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A gospel that surprises – Part Two of Lent

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Second Sunday of Lent – March 12, 2017

Luke 13:31-35 and Psalm 122

An extraordinary journey to the top of the world, the documentary adventure “To The Arctic” reveals a compelling tale of survival. Narrated by Oscar winner Meryl Streep, the film takes audiences into the lives of a mother polar bear and her twin seven-month-old cubs as never before captured on film, as they navigate the changing Arctic wilderness they call home.

Captivating and intimate IMAX footage, currently at the Telus World of Science as described to me, brings moviegoers up-close and personal with this family’s struggle in a frigid environment of melting ice, immense glaciers, spectacular waterfalls and majestic snow-bound peaks. There are quite a few clashes between the mother polar bear and some enemies.

The most dramatic of these clashes, caught on film, began when the ever-vigilant mother picked up the scent of an approaching threat. Greg MacGillivray recounts, “With a warning bark, she sent her cubs scurrying into the water ahead and dove in behind them to block the male during what became a gruelling four-mile pursuit. Snarling and snapping whenever he got close, she finally stopped and held her ground, growling as if to say, ‘If you want to kill my cubs, you’ll have to kill me first.’ Finally, the male turned away, ending the longest and most thrilling chase I have ever captured, says Greg MacGillivray. 1)

The mother bear’s instinct is courageous and also vulnerable.

Last week Jesus taught two different people how to show mercy and follow Him. In today’s lesson, Jesus is once again talking about the need to “repent” or turn back to God. Next week, Jesus will show how important mercy and repentance is in God’s kingdom. He will eventually show that same mercy to all of humanity with is death on the cross.

Jesus, according to our reading today, is on his way to Jerusalem and on that way, Pharisees encounter Him. Do they oppose Jesus here, or are they protecting Him? They say it upfront: “Get away from here, for Herod wants to kill you.”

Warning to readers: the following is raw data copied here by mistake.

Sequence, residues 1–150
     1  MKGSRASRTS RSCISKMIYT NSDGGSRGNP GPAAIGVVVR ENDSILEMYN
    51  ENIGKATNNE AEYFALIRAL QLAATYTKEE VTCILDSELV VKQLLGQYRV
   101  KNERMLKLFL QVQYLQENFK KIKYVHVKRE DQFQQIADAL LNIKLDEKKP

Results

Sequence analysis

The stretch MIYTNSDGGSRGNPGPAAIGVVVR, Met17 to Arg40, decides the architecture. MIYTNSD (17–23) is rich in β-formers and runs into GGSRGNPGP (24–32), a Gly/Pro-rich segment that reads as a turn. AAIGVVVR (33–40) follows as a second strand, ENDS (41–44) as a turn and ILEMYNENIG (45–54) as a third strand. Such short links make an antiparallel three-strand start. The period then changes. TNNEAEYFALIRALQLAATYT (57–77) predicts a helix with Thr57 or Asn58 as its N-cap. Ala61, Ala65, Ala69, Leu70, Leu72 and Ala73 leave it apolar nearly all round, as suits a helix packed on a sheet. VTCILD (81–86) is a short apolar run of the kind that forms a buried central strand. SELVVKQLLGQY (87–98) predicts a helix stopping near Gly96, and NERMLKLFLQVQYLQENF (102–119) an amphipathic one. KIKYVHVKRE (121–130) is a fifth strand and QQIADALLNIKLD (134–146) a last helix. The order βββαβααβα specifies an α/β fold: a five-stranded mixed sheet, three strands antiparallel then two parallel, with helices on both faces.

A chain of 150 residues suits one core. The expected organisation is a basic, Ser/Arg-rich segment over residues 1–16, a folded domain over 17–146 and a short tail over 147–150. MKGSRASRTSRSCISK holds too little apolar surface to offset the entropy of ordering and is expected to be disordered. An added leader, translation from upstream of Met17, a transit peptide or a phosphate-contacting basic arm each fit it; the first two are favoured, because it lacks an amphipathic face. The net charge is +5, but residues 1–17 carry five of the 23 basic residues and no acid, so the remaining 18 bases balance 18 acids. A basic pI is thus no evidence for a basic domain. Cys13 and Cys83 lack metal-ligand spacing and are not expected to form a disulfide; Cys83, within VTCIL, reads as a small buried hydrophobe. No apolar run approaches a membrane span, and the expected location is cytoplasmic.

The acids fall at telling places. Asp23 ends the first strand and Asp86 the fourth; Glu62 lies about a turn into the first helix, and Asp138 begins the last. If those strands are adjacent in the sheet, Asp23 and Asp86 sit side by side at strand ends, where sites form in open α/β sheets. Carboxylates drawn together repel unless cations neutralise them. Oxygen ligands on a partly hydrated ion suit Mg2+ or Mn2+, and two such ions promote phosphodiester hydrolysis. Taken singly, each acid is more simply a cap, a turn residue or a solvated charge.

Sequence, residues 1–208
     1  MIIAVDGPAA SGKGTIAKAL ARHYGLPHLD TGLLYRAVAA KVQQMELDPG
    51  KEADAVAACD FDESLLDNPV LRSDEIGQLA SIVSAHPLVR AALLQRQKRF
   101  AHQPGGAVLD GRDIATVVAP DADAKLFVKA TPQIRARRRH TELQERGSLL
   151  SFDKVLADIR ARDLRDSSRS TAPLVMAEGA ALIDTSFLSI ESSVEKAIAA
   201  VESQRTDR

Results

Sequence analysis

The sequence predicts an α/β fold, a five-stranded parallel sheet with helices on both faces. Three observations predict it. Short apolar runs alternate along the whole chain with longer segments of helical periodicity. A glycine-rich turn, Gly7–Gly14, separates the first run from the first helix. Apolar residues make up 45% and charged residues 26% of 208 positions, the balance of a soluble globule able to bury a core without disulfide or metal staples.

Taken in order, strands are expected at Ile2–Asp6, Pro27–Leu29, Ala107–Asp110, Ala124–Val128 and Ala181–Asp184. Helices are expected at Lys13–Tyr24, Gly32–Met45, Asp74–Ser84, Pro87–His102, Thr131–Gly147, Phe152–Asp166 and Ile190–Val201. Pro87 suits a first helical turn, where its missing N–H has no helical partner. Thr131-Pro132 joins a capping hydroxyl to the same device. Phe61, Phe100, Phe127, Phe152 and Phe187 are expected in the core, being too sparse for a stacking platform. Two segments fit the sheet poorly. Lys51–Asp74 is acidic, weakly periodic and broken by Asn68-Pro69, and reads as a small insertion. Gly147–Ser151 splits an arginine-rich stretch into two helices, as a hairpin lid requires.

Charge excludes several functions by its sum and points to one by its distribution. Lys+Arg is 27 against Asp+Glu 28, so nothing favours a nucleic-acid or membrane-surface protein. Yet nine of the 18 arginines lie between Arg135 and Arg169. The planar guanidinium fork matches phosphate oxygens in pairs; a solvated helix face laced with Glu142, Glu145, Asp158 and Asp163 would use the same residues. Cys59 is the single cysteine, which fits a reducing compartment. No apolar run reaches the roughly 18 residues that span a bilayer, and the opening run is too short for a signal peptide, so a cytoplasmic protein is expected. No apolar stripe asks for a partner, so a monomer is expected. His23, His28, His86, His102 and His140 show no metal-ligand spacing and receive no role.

Jesus’ whole mission to earth and to humankind was certainly not a joyride. Jesus wasn’t into protecting Himself. Was He perhaps like the mother bear, intent on saving and protecting God’s children, people like you and me? Jesus marches to Jerusalem and embraces the cross that awaits Him there out of profound love for the people around him, a mother’s fierce love that will stop at nothing to protect her children. His figure of a hen trying to gather her chicks under her wings to spare them from the ravages of fire will have special poignancy for anyone who has seen after a grassfire the burned carcass of a prairie chicken or pheasant that has sheltered and saved perhaps one or two, though seldom all, of her chicks.

Back to Jesus’ role of going into harm’s way for us. Does it mean that any of Jesus way would be easy? Not at all. It was going to cost Jesus his life, it was going to be a battle that would mean being persecuted. It would mean controversy. It would mean suffering to the utmost. I would mean that insulting things would be said about Jesus. He would ultimately stand trial and be killed on a cross. Jesus proclaims it outright: “…it is impossible for a prophet to be killed outside of Jerusalem.”